Isle of Dogs in the City of London

In the city of London, at the Isle of Dogs climate problems like river flooding, heat island effect and water shortages converge. In the design for the area (Fig. 7.29) measures are proposed to minimise or reduce these effects. Water basins and enough public spaces are realised and in the urban design shade is created.

In and around buildings (Fig. 7.30) an attractive public space, with many cafes and vegetation is designed. In order to guarantee a pleasant climate during hot summers shopping and leisure is realised half under ground level.

London Land Use Plan
Fig. 7.29 Minimising the heat island effect in the Isle of Dogs, London (Source: Land Use Consultants, 2006)
London Land Use Plan
Fig. 7.30 Adaptation measures in high-rise and public space, Isle of Dogs, London (Source: Land use Consultant, 2006)

In high rise buildings shade is provided with lamellae and balconies and materials, which are absorbing heat minimal are used. Inside the buildings energy saving leads to as low as possible ambient heat gain (Fig. 7.31).

7.5.3 Urban Expansion: Isle of Sheppey

The subjects that are important with respect to a changing climate in the expansion plan for the Isle of Sheppey are river flooding, reduction of biodiversity, infrastructure, like bridges, under threat, the heat island effect and the availability of water. At an urban level dealing with flood risk is managed (Fig. 7.32).

London Land Use Plan
Fig. 7.31 Adaptation measures in high-rise buildings, Isle of Dogs, London (Source: Land Use Consultants, 2006)

The most vulnerable functions and common amenities are planned where flood risk is lowest. The defence against floods is soft and created in different steps. The functions at different places are adjusted to the risk profile. Lowest risk areas are developed with the highest densities and existing buildings are separated and individually protected. The urban water system is over dimensioned in order to collect rainwater and large spaces are designed to store temporary water during floods.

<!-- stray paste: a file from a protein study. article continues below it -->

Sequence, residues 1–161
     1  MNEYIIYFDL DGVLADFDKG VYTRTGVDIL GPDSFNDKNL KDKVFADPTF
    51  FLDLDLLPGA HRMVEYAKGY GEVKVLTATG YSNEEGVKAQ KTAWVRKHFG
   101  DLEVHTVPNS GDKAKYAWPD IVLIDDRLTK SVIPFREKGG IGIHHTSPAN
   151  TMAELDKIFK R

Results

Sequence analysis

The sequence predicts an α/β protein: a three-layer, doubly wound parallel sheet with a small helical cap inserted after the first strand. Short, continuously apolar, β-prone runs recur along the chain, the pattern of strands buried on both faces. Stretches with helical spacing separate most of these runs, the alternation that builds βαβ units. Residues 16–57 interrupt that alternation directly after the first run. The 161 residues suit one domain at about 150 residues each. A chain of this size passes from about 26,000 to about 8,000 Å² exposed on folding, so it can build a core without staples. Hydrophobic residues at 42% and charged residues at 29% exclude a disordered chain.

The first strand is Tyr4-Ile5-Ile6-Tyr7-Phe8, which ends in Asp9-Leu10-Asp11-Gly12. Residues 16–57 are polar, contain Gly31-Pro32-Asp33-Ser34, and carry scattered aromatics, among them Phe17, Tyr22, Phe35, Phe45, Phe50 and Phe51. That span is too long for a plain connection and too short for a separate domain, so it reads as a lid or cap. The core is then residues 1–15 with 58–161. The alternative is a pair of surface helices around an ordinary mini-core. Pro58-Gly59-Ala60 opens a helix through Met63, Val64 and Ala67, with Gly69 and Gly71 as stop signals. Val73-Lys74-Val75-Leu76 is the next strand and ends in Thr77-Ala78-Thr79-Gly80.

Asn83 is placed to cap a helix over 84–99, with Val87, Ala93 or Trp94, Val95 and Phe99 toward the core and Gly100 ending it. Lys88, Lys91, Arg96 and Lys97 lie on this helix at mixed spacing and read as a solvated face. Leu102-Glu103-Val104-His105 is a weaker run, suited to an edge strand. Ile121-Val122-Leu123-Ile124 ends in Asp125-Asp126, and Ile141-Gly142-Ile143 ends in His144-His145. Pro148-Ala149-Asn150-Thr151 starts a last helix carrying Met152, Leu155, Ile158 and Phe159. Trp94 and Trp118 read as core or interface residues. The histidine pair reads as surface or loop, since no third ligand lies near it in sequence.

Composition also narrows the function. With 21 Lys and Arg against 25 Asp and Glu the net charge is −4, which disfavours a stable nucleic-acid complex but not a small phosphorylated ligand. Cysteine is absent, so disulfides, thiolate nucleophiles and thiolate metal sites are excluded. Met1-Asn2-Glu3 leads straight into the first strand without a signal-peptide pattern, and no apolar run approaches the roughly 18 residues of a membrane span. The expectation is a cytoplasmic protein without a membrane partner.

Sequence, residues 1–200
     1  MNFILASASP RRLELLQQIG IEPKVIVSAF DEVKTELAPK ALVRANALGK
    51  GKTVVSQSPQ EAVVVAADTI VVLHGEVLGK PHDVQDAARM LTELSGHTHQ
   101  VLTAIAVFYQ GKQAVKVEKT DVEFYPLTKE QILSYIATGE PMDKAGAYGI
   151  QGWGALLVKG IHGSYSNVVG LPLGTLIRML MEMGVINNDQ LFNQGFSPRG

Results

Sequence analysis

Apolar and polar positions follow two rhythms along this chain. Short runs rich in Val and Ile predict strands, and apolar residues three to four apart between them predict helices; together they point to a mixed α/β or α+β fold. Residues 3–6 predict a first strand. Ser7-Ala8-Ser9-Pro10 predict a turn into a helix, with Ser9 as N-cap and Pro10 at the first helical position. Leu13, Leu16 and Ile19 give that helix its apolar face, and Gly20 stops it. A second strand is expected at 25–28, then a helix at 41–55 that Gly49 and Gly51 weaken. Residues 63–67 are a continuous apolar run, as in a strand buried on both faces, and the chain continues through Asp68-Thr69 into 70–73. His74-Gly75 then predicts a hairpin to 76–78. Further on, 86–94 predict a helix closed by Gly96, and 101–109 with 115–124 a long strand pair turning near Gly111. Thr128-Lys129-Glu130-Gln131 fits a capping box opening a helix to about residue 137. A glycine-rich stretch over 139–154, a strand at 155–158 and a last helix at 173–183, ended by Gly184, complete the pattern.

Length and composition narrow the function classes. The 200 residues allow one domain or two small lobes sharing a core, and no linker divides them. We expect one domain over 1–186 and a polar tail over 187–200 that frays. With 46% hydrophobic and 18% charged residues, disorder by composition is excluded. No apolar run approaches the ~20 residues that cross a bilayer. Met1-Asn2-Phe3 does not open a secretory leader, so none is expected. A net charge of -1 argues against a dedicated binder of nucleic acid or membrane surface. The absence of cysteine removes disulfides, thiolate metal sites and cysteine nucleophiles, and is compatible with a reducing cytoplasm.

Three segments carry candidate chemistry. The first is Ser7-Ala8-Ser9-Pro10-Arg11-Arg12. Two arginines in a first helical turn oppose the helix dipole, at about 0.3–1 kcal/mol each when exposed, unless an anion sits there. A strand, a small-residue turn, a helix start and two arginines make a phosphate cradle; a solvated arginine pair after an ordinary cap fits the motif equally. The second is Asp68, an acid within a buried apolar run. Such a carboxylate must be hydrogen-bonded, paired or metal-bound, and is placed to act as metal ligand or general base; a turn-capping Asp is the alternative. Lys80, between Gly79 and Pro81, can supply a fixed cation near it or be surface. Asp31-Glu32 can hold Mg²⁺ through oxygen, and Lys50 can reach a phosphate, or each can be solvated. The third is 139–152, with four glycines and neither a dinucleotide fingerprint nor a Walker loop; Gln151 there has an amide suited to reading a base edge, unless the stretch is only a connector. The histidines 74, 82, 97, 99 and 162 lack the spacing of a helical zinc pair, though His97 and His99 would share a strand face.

In the design, much space is created to keep biodiversity at the same level as previously or improve it (Fig. 7.33). The ecological networks are used to decrease the vulnerability of the system and increase the biodiversity by connecting the ecological networks. If certain areas are under pressure a flexible approach can be chosen, where the function changes in time, say from a playground initially to a nature reserve and water storage area later on. In addition, some species use linear elements 'ecological corridors' alongside existing and new urban structures.

Important functions are realised above the highest imaginable flood level and the functions at ground level are lifted in order to minimise the effects of a flood (Fig. 7.34).

Ear Parts And Their Functions
Fig. 7.32 Adaptation measures in the expansion neighbourhood Isle of Sheppey (Source: Land Use Consultants, 2006)

7.6 Concluding Remarks

The feasibility of adaptation measures does not only depend on good research, designs and plans. The economic, social and institutional complexity plays an important - may be decisive - role (Buuren et al., 2007).

The technical difficulties and challenges of realisation of measures are determined by the nature of technical amenities, the technical uncertainties around realisation and the probability assessment of the proposed measures and risks. The measures can be scored on a scale between hardly possible to realise and very simple realisation.

The social complexity is met by this set of values, which are accepted by stakeholders at the time the measure is to be implemented. The following factors play a role: number of involved partners, the amount of different standards and insights partners have, how controversial the measure is and recalls hinder and the necessity

Carte Quartiers Roche Sur Yon
Fig. 7.33 Measures to improve ecological qualities Isle of Sheppey (Source: Land Use Consultants, 2006)

to reach consensus and converge. Measures can be scored on the scale of consensus: from complicated to easy.

If the institutional complexity of implementing the measure increases this needs to adjust the official bureaucratic organisations, existing procedures and arrangements. Increased cooperation between institutional domains, which were separated before, is necessary. The tension between existing practice and structures increases. Institutional complexity is expressed by a confrontation between institutional rules, organisational adjustments, cooperation and the level of innovation compared with existing arrangements. The institutional scoring card to realise adaptation measures is between radical institutional changes to hardly any change required.

Fig. 7.34 Dealing with flood risk, Isle of Sheppey (Source: Land Use Consultants, 2006)